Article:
Inspired by the MacWorld Expo and Apple’s security marketing claims (not to mention that ad campaign from last year), I’ve decided to add Mac OS X to the list of products that I monitor for “perception versus reality.”
First, let’s review what Apple has to say about their security:
Freedom’s not just another word for nothing left to lose. Strong security ensures your ability to conduct your business unhampered. Mac OS X delivers the highest level of security through the adoption of industry standards, open software development and wise architectural decisions. Combined, this intelligent design prevents the swarms of viruses and spyware that plague PCs these days.
Mac OS X v10 Vulnerabilities in 2006
First, let’s hop over to the “Apple Security Updates” web page at http://docs.info.apple.com/article.html?artnum=61798, and see what we find. Immediately, I notice that the highest numbered Security Update for 2006 is Security Update 2006-008. Well, that seems pretty good, only 8 security updates during 2006. Clicking on #8, I find that it addresses just a single vulnerability, CVE-2006-5681. Still good. Click into #7 – whoops – that one seems to address 22 vulnerabilities in November. I’m going to have to take a deeper look.
Fast forward [Next, I went through every Security Update, creating a spreadsheet of each vulnerability and noting which products they apply to, which CVEs/vulns, when they were released and other information. Please feel free to duplicate that work and validate what I came up with.]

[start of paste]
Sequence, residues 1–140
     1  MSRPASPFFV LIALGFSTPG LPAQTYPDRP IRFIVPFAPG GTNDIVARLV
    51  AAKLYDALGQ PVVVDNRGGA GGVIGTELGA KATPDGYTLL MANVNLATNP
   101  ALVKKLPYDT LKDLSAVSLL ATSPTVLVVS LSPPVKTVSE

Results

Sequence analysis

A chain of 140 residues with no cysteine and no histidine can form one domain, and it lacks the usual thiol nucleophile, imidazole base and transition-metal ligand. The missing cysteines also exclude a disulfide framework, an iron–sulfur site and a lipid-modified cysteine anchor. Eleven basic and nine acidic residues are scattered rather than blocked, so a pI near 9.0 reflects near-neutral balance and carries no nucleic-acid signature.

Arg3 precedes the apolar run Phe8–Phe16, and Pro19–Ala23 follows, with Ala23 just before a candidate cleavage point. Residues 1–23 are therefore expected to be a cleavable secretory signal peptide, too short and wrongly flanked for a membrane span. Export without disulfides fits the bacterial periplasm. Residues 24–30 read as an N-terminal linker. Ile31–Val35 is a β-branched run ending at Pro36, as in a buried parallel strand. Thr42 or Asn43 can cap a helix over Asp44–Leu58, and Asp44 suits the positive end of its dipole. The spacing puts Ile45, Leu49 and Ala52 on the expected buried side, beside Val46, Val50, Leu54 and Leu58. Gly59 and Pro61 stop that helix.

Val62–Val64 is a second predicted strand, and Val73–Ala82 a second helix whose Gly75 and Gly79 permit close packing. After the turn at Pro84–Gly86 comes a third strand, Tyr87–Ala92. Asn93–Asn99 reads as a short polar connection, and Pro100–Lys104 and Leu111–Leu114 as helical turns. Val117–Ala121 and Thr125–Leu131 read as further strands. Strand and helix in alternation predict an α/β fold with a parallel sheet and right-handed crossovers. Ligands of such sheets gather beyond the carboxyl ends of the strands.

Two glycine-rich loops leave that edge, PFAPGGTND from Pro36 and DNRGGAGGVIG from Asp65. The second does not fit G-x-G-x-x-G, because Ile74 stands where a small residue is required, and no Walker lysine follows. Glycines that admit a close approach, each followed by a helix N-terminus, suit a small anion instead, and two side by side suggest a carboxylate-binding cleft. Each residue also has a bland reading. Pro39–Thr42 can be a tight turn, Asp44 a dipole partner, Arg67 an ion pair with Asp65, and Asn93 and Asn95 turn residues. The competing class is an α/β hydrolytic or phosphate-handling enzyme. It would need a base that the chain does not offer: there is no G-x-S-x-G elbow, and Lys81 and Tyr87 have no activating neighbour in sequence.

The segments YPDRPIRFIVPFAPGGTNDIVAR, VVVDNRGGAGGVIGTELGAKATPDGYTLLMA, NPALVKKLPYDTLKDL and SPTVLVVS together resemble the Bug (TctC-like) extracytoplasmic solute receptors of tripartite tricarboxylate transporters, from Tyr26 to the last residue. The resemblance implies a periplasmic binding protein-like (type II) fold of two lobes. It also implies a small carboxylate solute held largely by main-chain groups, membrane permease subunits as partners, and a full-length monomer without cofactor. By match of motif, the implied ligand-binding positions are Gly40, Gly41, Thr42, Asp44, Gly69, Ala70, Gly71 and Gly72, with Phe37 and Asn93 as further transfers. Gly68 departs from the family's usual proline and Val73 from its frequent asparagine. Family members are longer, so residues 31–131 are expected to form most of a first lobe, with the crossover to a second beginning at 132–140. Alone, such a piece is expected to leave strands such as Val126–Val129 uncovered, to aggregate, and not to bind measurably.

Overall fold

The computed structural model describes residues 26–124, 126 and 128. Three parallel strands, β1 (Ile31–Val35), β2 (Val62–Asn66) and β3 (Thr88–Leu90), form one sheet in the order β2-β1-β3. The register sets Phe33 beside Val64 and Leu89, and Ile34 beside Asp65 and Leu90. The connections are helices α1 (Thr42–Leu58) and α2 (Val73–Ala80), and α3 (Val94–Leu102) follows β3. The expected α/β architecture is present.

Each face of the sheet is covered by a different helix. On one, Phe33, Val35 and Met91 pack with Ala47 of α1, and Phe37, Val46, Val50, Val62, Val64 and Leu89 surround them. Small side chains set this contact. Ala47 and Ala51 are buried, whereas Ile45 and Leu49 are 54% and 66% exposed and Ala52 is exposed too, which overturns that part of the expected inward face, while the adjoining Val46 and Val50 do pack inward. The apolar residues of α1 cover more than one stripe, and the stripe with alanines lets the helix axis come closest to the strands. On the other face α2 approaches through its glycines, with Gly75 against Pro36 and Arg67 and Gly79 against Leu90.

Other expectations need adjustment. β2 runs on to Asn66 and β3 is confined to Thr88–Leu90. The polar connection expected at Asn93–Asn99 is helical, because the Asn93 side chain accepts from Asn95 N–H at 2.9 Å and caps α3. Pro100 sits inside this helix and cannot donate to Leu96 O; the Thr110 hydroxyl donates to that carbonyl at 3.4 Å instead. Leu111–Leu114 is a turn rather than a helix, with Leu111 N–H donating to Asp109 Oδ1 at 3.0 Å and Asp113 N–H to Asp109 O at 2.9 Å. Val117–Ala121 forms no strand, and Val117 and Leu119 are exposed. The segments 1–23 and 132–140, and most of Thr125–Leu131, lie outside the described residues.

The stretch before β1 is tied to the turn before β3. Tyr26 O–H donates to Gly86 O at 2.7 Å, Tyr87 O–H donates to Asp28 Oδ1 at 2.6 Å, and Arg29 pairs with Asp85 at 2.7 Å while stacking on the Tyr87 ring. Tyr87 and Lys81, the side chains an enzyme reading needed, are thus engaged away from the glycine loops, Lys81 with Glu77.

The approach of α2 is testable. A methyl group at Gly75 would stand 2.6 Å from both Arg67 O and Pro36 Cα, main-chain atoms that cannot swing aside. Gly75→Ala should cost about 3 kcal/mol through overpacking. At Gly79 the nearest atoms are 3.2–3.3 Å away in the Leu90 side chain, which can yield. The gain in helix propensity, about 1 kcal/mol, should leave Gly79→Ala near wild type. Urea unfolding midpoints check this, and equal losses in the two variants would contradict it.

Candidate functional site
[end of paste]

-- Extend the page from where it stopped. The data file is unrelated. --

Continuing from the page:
It turns out that the Apple Security Updates and associated patches addressed 161 unique vulnerabilities in Mac OS X v10 during 2006. Now, if this were an Enterprise Linux distro, one might argue that you have to filter out non-applicable “extra” applications included in the release, such as either Gnome or KDE or some of the server applicatoins. That doesn’t apply to Mac OS X, which is simply a rich workstation environment, so they all count.
I can’t help thinking to myself that if Microsoft issued only 8 security updates that addressed 161 vulnerabilities, the conspiracy theorists would be crawling out of the woodwork to assert that we were “bundling them” to “hide” the numbers. My guess? We probably won’t hear that theory about Apple…
Comparison with 2005
161 – wow! Is this a fluke? How does this compare with 2005? Earlier this year, I observed that the Trend for vulnerability disclosures was up across the industry – is it hitting Mac OS X as well?
Adding the 2005 data to my spreadsheet and doing a bit of simple addition, I found that Apple’s highest numbered Security Update in 2005 was Security Update 2005-009. Wow, if one wasn’t careful, one might leap to the assumption that 2006 was an improvement, since they stopped 1 short of 2006-009. Tallying up the vulnerabilities, though, I found that they fixed 132 vulnerabilities in Mac OS X v10 in 2005 – lower than 2006, though still fairly high.
I think I’ll stop there, though I do plan to include Mac OS X in my other Workstation analysis throughout the year. In summary, my brief research found that Apple Mac OS X does not have few security bugs. In fact, with 161 in 2006, up over 20% from 132 in 2005, they have had to fix quite a lot of security bugs.